Thursday, July 20, 2017

Drone Alone

"The right of the people to be secure in their persons, houses, papers, and effects, against unreasonable searches and seizures, shall not be violated, and no Warrants shall issue, but upon probable cause, supported by Oath or affirmation, and particularly describing the place to be searched, and the persons or things to be seized."
-The Fourth Amendment

 I saw a mildly disturbing news story on Fox this AM, which is to say, slightly horrified with a soupçon of ambivalence. The story, online as UAV spots stolen construction equipment in Cecil County, tells of a successful, multi agency apprehension of the perpetrator of at least a tri-state crime spree. Stolen goods recovered during this operation amounted to $394,000. Not chump change. Much of the property has been returned to its rightful owners. No problems there!

The ambivalence comes from the fact that while I'm glad this guy was caught and hopefully prosecuted to the full extent of the law, what bugs me is the sequence of events that lead to their arrest. The New Jersey State Police had a suspect. The suspect's domicile was not visible from the road. A warrant was obtained on the basis of evidence produced by a UAV overfly of the property, but what gave them the right to do that? Turns out that much of the stolen goods were stashed behind a barn, or big shed. My question is: What's the difference between flying a drone over the barn and simply sending an officer in to walk around the barn for a look see?

Well, sending an officer in without a warrant to search for stolen goods is an illegal search. Any evidence he found of wrong doing would be thrown out of court as "fruit of the poisoned tree". Now, suppose I just dangle him from a crane or a helicopter and swing him around the backside of the barn. Better? His feet never touched the ground! Problem solved!!

Is the Fourth Amendment mitigated by the fact that the aircraft was unmanned? Or does the fact that an operator is at the controls, looking through the camera make that point moot? Had the overflight been accidental, I can see the evidence being totally admissible. Next time, throw some tarps over the stolen goods, knucklehead! But the drone was flying over the property specifically because there was a "suspect", yet without enough evidence or probable cause to obtain a warrant. You see my dilemma here? If you're in your helicopter using your Forward Looking Infra Red because there's a lost child in the woods, and happen across a marijuana hothouse, that's one thing. But isn't warrantless unmanned electronic eavesdropping going just a bit too far? At what point does this become an "unreasonable search"?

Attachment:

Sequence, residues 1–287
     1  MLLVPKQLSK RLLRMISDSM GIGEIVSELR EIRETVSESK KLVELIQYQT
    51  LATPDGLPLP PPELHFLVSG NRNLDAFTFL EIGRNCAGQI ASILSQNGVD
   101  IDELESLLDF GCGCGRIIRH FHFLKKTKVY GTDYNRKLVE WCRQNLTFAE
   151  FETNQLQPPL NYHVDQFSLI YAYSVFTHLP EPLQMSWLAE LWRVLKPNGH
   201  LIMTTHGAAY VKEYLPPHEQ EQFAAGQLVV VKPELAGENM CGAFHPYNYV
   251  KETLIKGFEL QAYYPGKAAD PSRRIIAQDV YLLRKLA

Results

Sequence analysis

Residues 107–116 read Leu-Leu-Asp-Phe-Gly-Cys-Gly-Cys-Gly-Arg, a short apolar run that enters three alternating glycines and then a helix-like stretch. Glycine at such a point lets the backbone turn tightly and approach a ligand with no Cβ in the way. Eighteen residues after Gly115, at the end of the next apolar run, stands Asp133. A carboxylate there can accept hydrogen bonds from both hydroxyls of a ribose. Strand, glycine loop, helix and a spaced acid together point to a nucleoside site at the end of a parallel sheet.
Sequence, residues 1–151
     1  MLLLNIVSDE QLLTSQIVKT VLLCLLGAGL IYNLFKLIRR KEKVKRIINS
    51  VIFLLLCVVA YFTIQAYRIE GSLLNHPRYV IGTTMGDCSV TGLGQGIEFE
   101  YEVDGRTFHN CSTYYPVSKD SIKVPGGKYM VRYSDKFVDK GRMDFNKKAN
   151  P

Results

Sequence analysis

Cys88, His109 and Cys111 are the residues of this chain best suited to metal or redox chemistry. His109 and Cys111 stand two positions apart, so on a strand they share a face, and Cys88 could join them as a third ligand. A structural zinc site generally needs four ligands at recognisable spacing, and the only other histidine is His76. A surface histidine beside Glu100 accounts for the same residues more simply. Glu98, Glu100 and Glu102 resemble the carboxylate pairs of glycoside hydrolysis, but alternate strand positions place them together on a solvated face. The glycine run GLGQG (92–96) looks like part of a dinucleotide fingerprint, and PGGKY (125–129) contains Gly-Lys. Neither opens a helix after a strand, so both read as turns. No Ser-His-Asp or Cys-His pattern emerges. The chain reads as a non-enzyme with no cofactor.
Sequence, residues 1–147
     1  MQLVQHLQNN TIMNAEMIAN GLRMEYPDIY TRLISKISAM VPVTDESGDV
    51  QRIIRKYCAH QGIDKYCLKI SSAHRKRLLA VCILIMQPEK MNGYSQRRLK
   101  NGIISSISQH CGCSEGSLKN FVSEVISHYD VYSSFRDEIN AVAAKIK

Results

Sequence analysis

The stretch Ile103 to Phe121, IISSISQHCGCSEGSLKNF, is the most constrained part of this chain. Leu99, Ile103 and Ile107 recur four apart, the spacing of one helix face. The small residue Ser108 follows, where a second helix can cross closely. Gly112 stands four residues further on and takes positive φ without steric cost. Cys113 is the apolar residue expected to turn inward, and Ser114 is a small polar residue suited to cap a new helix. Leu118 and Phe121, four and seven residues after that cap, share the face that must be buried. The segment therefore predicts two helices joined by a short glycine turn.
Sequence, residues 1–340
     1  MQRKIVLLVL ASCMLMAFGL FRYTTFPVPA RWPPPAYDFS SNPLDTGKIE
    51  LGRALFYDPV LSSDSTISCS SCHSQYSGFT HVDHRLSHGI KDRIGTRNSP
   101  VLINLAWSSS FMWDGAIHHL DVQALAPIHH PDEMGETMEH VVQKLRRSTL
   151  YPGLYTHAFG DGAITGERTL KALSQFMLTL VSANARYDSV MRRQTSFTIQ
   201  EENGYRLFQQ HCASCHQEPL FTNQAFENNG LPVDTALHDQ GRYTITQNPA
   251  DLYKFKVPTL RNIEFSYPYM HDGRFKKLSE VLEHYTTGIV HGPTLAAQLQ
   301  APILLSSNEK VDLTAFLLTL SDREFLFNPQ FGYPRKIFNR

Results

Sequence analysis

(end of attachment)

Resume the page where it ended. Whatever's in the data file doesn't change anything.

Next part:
The fact that law enforcement did not enter the property without first obtaining a warrant means they recognized that one was necessary. Although I am not a lawyer, nor do I play one on TV, it seems to me that the use of a drone was a mere legal fiction to provide probable cause for the warrant.

If I were on this guy's legal team, I would beat the Fourth Amendment like a rented mule! Still, I'm glad law enforcement put an end to this crime spree. I just wish they'd found a better way to do it.

Thus, the ambivalence.

Monday, July 17, 2017

Xavier Seen Such a Dishonest California Politician?


Californians aren't braindead, although you'd never know it from the quality of public officials they send to Sacramento year after year. And here's proof of it: liberal California politicians have to lie constantly to maintain their power, lest the common people they so disdain rise up against them. Case in point:

There is a ballot initiative coming up for a vote soon to repeal the onerous added gasoline tax to be added in November. The tax would add an additional twelve cents a gallon to gasoline that is already the highest priced in the nation. Fine. Let the voters decide. That's the democratic way isn't it? Let informed voters made the decision. It's that whole "informed" part that Democrat pols don't trust you with.

The office of the top law enforcement official in the state, Attorney General Xavier Becerra, D-Ishonest, is responsible for writing the official summary of the ballot measure, which is supposed to be an impartial description of the measure. (Stop laughing!) Becerra, who, had he been around when the saying "Crooked as a dog's hind leg"was written, might have been the maxim maker's model.

AG Becerra wrote the summary of a repeal of a regressive tax measure (minorities and poor hardest hit) without managing to use either the word "tax" or "fee" to describe it. In fact, it is so egregious that he is being sued because of it. Republican Travis Allen, remarkably a Republican, is suing Becerra for misrepresenting the initiative, casting it as an effort to, and I quote, "eliminate recently enacted road repair and transportation funding". The bastards!! The money fairies brought Californians cash to repair their roads, and some big meanies are trying to take it away from us!

And by "us", of course, he means the State Government, and the magic money fairies are you, every time you fill up your gas tank.

The stakes are high. The 43%, twelve cent a gallon hike in taxes, and the twenty cent a gallon hike in diesel fuel are expected to bring in $5 Billion (with a "B") a year. And as far as regressive taxes on the poor, this one has a double whammy, because everything you buy in the stores comes in on a truck. Your groceries, hardware, clothing, shoes, even your Amazon order, is transported at least in part by a truck or series of trucks. If the cost of fuel goes up, the prices of all those goods must go up at least incrementally. So in addition to paying more in gas to go to work, or to the store, or on vacation, you'll be paying more for everything you buy. Everything. You'll then find it harder to make ends meet and put food on the table and all the Democrat politicians will tell you it's those evil corporations that are stealing you blind. Right.